Happy New Year and the Grim Reaper

Published on: 20:42PM Jan 02, 2015


Market Watch with Alan Brugler

January 2, 2015

Happy New Year From The Grim Reaper


The New Year’s celebrations are mostly over (other than the Chinese New Year which isn’t until February 19). There are a couple different themes as the holiday is marked. You see a number of retrospectives, whether lists of the sports stars or celebrities who have passed away or the market based year in review and top 10 news headlines pieces. It is a time (or opportunity) for evaluating what you did right, and what needs to change.  There is the Happy New Year wish for 2015 to be better. There is also the Grim Reaper theme, collecting people as time marches on. Nearly all of us baby boomers can count 10 or 12 peers, colleagues, neighbors or classmates who are no longer with us. The markets have their own version of the Grim Reaper. There is an axiom which states “Bulls win some, bears win some, pigs get slaughtered”. It is a useful warning about overstaying positions, but it is probably more accurate to state that bulls get slaughterd and bears get slaughtered! Prices move up, down and sideways. In 2014, all of the bulls were slaughtered except, ironically, the cattle and feeder cattle markets. We would argue that those two will eventually be on the reaper’s 2015 list, likely with poultry and hog producers as accessories to the deed.  That said, it won’t take much of a weather event to tighten up those grain stocks and take out the bears.

Corn was down  4.6% this week, ending a string of weekly gains. Year end profit taking was a big factor, with prices up substantially since the quarter began on October 1. Fundamental news was so-so, with the weekly ethanol production down from the record level of the previous week, and ethanol stocks building 500,000 barrels. US weekly export sales for the week ending December 25 were released on Friday morning, with sales at 895,100 MT.















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Soybean futures dropped 4.3% for the week.  Cumulative export shipments are running 211 million bushels above last year, but that is “baked into the cake”. Both the sales pace and shipments tend to slow in late December and early January, and the former will likely not recover as the market looks ahead to South American availability in March. Export shipments in the second half of the marketing year (Mar-Aug) were less than 20% of the first half total in the 2013/14 marketing year. We published a Special Research Report with the details last week and our projection for the 2014/15 final total.  Weekly export sales through December 25 were 611,000 MT, with soybean meal at 159,300 MT.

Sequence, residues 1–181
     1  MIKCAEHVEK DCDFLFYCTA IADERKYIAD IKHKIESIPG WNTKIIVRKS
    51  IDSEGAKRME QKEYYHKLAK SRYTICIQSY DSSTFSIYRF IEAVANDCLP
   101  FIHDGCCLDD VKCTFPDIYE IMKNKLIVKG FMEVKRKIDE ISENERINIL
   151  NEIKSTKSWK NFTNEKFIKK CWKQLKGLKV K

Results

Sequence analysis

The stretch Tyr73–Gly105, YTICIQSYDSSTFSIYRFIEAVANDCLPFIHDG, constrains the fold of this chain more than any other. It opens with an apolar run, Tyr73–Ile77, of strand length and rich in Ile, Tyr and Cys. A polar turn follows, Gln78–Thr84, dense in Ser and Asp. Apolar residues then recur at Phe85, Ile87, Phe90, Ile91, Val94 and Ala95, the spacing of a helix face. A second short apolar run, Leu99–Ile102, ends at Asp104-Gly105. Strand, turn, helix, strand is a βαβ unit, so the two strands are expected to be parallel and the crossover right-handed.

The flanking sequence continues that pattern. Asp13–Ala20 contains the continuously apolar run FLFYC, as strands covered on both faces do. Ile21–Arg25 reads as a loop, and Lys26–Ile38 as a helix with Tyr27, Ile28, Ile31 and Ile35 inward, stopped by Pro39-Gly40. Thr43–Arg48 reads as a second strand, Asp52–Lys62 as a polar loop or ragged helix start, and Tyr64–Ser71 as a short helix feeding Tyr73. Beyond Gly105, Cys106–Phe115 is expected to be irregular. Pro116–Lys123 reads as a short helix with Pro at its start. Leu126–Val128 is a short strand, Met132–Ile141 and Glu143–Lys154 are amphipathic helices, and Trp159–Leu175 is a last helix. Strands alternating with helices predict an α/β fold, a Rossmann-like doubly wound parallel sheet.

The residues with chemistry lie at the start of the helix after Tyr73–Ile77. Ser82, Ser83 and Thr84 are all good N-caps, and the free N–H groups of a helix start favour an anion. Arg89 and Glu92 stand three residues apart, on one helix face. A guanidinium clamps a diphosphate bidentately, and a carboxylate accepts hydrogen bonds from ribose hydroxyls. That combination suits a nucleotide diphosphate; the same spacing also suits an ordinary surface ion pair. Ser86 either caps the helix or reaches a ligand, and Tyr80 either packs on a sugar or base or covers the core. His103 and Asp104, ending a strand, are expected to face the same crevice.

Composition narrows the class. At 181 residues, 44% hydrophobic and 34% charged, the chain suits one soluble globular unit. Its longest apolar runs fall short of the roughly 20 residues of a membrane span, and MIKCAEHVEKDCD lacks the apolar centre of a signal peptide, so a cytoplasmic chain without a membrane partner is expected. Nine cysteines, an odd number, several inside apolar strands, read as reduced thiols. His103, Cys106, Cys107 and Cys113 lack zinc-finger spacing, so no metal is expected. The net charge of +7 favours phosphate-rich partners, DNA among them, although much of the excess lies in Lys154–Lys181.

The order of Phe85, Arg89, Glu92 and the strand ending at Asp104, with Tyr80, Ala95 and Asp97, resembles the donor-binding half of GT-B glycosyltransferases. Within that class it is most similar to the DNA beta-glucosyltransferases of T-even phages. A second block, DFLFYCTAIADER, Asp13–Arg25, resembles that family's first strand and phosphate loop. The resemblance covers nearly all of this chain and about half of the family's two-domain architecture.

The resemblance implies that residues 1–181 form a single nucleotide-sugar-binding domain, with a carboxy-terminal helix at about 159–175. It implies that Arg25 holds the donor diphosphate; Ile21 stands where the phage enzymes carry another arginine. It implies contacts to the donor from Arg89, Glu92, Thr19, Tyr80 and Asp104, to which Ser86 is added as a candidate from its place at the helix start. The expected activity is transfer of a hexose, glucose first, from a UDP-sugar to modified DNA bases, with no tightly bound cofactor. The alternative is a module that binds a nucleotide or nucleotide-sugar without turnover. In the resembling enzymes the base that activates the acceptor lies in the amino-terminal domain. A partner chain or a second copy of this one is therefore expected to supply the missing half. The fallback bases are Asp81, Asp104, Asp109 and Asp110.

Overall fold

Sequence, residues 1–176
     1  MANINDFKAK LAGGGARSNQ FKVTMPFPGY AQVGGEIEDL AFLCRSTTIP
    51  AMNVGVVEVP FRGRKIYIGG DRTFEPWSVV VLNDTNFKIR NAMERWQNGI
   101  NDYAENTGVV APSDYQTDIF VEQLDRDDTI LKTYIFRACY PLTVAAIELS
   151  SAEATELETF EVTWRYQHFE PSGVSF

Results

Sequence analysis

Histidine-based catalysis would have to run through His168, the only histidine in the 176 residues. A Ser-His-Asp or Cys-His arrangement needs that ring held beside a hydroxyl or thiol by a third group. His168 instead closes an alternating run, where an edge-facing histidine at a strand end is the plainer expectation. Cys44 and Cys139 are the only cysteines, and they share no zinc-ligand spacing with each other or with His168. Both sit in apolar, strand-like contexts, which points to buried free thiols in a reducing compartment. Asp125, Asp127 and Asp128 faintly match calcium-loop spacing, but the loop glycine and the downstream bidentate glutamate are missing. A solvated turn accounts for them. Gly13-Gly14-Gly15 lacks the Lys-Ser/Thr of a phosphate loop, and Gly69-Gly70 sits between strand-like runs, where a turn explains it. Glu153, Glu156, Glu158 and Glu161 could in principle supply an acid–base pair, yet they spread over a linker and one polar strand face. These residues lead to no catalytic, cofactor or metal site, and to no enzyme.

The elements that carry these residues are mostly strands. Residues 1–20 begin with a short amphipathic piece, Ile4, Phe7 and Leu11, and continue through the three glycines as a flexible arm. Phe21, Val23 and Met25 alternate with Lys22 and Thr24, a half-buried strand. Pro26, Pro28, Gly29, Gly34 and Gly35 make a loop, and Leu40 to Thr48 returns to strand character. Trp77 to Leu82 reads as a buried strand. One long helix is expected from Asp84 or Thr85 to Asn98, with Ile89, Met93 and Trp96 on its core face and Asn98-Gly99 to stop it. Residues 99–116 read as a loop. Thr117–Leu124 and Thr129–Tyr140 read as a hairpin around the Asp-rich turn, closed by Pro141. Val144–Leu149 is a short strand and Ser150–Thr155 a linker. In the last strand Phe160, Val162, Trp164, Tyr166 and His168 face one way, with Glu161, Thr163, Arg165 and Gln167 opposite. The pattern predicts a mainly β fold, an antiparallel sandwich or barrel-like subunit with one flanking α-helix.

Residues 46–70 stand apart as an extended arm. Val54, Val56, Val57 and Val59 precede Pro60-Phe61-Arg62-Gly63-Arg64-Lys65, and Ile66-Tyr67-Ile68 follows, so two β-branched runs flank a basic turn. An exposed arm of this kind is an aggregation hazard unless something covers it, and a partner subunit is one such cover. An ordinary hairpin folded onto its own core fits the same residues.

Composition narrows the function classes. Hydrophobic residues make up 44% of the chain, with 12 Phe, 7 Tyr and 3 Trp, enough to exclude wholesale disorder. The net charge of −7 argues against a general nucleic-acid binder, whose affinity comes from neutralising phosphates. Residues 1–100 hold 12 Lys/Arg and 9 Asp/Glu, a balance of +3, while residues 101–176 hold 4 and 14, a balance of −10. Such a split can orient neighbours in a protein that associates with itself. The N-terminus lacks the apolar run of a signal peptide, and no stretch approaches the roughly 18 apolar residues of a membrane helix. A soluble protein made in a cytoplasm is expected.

Wheat futures were down sharply this past week, losing 3.2% to 4.8%. Chicago was the weakest class as some Russian shipments resumed. Profit taking was a major feature of the futures trade, as wheat had a substantial premium to corn and also a substantial premium to EU offers that has priced it out of much of the export market. US weekly wheat export sales for the week ending December 25 were 354,100 MT.  

Cotton futures were down sharply on Wednesday and weak again on Friday. The US dollar index surged to a new multi-year high this week, making US cotton expensive in terms of third party countries with floating currencies. The dollar doesn’t affect China trade much because of the managed value of the yuan. However, China is still sitting on huge cotton inventories built up since 2011 and has announced a WTO minimum import quota for 2015. That is presumed to be part of an effort to pare stockpiles by limiting imports. The AWP for the week of 1/2-1/8 is 48.74, with the LDP at 3.26 cents.    

Cattle futures rallied sharply this week as the cash market disagreed with the big futures meltdown in mid-December. Nearby futures were up 1.97%, with feeder cattle up 4.8%. Cash cattle traded at $166 on Wednesday, with rumors of up to $168. February futures were only $163 and change on Wednesday when they became lead month. Weekly beef production was up 15.2% from the previous week, but 12% below year ago. Weekly slaughter was down 13.9% from the same week in 2013/14.  Average carcass weights are estimated to be 17 pounds above year ago.

Hog futures were down 0.3%  this week.  On Friday, USDA reported weekly pork export sales through December 25 totaled 49,500 MT for combined 2014 and 2015 sales. Low pork prices may be beginning to attract more buyers despite the strong US dollar. The carcass cutout value has dropped $40.05/cwt from October 6 to December 31, a 32% decline.  Weekly hog slaughter was 0.3% above year ago, and 15.0% larger than last week.  

 Market Watch

USDA will issue the weekly export inspections report at 10 am CST on Monday. Things pretty much return to normal after holiday disruptions, with the EIA weekly ethanol report due on Wednesday and the USDA weekly Export Sales on Thursday morning. Of course, this is all the “calm before the storm”.  The quadruple USDA reports due for release a week from Monday (January 12) will be driving a lot of positioning trades this week as the various surveys and estimates are released. As a reminder, those reports include the final 2014 Crop Production, the monthly USDA WASDE supply/demand report, the quarterly Grain Stocks report and the Winter Wheat seedings report.

Visit our Brugler web site at http://www.bruglermarketing.com, find our iPad app "AgMarket" in the Apple app store, or call 402-697-3623 for more information on our consulting and advisory services for farm family enterprises and agribusinesses.

There is a risk of loss in futures and options trading. Past performance is not necessarily indicative of future results.

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